Can Convenience, Healthcare Security, and HIPAA Compliance Co-exist?
Telehealth has done much to broaden healthcare access over the last decade, but the pandemic made it mainstream. Healthcare providers quickly realized the benefits of offering remote care, and many have been eager to adopt telehealth. For example, an estimated 20% of all emergency room visits — and 24% of routine office visits and outpatient volume — could be delivered virtually via telehealth.
But while this technology has created a wealth of opportunity, it comes with vulnerabilities that endanger patient privacy. In 2020, according to HIPAA Journal, there were 642 significant healthcare data breaches (defined as over 500 records), a 25.4% increase from 2019 and a 74.5% increase from 2018.
To ensure patient privacy, organizations using telehealth platforms and other software must consider the system’s security, how much data they gather, and how they store that data. By nature, telehealth involves large amounts of protected information that, if leaked, can lead to expensive fines and remediation. A healthcare data breach now costs $7.13M, up 10% from 2019.
What Is Telehealth?
First, let’s define what we’re including when we say “telehealth.” Telehealth encompasses a broad array of technologies and services available to patients and practitioners. Telehealth platforms may stand alone or integrate with patient portals and EHR systems.
Because telehealth services leverage the internet, they are subject to the risks that connectivity creates. Centralized data and management of access are essential to making these solutions secure. It requires using privileged access management (PAM), which provides identity governance and administration (IGA) to track and secure access. Patient privacy hinges on supplying the right access to the right people for the right resources only as long as necessary. IGA also ensures governance rules (HIPAA specifically) are applied and maintained consistently.
Read Data Access Governance for Healthcare Privacy Compliance to explore key privacy regulations such as HIPAA and CCPA.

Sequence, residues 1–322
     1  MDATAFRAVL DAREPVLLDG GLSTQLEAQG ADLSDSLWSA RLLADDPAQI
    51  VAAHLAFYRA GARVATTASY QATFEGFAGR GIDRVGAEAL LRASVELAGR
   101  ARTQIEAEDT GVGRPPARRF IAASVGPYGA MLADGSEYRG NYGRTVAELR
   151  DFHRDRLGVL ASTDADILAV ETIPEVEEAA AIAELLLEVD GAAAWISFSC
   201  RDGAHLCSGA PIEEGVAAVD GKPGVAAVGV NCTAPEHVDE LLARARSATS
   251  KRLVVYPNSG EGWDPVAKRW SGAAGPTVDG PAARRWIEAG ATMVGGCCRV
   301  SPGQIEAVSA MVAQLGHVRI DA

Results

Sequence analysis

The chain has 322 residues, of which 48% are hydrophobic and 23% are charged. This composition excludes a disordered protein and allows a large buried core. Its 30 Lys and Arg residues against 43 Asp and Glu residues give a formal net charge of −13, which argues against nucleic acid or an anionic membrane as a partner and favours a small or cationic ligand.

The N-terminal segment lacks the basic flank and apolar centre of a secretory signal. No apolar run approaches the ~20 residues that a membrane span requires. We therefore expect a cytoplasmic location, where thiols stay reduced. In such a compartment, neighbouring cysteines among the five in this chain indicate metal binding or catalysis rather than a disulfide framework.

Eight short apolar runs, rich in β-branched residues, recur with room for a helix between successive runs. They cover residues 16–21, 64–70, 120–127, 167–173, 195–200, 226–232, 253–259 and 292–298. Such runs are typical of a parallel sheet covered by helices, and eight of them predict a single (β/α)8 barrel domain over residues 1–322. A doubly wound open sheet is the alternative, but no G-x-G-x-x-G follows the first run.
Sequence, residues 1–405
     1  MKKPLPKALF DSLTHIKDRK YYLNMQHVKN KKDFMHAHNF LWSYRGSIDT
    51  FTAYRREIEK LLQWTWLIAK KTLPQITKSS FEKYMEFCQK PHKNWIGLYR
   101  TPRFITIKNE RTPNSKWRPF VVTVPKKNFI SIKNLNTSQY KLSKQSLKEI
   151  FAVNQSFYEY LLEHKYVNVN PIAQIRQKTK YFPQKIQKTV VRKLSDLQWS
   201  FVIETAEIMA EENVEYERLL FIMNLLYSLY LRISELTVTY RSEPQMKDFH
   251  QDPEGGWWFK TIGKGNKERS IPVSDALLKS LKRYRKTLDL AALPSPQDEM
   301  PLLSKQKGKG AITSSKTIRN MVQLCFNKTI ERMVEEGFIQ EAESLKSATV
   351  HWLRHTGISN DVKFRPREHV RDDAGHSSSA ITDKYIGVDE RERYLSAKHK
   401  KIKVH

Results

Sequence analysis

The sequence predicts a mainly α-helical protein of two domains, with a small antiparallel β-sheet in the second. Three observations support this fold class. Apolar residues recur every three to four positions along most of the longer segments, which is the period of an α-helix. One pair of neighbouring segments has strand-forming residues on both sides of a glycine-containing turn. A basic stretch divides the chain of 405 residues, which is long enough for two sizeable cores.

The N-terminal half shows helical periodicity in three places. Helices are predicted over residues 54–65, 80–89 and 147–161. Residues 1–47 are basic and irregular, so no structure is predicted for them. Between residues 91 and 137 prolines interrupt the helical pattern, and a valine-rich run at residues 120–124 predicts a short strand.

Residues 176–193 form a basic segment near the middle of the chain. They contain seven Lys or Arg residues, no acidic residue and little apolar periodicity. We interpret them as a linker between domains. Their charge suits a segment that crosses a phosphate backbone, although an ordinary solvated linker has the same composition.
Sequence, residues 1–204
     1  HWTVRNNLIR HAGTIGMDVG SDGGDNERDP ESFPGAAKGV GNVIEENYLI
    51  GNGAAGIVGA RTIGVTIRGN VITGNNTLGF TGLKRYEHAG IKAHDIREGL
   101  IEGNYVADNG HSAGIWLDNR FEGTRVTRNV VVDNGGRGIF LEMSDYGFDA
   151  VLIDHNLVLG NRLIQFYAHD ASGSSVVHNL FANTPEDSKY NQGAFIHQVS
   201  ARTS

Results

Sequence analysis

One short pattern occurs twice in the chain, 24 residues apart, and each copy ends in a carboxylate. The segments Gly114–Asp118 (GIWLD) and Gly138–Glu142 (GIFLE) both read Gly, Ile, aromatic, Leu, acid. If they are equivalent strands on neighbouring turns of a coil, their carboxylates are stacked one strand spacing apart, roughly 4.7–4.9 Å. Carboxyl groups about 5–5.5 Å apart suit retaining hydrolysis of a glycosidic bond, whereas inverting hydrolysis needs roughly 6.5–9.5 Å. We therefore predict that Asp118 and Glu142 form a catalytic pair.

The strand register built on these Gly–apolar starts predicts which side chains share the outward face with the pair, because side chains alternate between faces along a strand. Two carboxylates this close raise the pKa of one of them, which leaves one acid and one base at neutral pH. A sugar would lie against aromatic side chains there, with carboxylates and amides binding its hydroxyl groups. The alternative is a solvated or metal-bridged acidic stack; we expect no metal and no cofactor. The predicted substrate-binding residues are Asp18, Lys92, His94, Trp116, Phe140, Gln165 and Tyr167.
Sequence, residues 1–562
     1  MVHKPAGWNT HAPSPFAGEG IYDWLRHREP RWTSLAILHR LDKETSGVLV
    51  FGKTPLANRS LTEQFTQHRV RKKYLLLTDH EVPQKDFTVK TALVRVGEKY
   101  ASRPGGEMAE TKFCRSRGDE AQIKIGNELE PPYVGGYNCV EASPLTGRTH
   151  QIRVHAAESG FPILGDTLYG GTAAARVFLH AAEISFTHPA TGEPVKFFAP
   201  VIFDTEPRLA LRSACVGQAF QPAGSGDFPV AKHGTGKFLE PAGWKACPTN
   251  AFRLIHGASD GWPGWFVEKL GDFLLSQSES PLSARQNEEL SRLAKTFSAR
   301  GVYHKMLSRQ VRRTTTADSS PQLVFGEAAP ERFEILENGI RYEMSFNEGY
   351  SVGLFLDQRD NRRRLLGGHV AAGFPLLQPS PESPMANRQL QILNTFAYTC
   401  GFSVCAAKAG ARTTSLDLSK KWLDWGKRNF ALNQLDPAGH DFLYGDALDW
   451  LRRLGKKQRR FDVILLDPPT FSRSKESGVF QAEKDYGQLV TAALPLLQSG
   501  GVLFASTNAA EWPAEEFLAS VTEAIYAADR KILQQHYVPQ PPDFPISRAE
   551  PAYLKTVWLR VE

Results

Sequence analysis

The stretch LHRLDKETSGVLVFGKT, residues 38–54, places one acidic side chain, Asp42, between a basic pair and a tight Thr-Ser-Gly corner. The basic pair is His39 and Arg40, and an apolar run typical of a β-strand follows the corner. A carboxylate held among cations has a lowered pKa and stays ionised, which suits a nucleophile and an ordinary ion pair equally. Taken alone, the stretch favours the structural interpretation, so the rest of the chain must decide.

With virtual appointments, patients log into a web-based portal to access a provider via a virtual conference call, which typically involves video. The interaction between patient and practitioner facilitates discussion, diagnosis, and prescribing for many conditions.
According to the APA, remote therapy services have been on the rise since 2017. Virtual appointments are common in behavioral health for therapy sessions. Follow-up appointments and lab result reviews are also conducive to telehealth. It’s important to note that virtual appointments aren’t always appropriate (or billable!) for certain diagnoses or conditions, particularly for patients with complex medical histories.
Virtual appointments offer convenience and protection from infectious diseases for patients and providers alike. Patients benefit from the flexibility, and healthcare organizations experience reduced no-show rates. But telemedicine must address privacy considerations. Protecting patient data requires healthcare organizations to exercise best practices in three areas: administrative, physical security, and technical security.
- Administrative – Healthcare organizations restrict access to the patient records generated in virtual appointments to only authorized personnel. As with an on-site appointment, only those providing direct service — and those with clearly defined administrative needs like insurance billing — require access to these records.
- Physical Security – Both patients and providers require a private location to hold the appointment. Avoid interruptions if possible to prevent others from overhearing sensitive patient information.
- Technical Security – Utilizing encryption protects patient data at rest and secures the communication over the network during the appointment. Healthcare organizations need to guarantee that no third parties intercept or spy on any appointment and prevent patient data from leaking.